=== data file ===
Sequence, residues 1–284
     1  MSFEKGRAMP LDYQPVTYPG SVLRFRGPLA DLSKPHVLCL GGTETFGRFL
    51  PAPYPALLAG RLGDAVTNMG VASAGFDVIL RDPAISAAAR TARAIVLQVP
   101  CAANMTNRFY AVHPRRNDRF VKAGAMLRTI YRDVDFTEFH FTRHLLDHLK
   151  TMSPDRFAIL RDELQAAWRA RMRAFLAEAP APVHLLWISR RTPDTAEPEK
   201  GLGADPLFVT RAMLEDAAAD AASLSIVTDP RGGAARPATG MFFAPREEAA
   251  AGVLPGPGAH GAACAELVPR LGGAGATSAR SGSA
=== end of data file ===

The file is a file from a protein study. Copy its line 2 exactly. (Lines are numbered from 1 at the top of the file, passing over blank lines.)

     1  MSFEKGRAMP LDYQPVTYPG SVLRFRGPLA DLSKPHVLCL GGTETFGRFL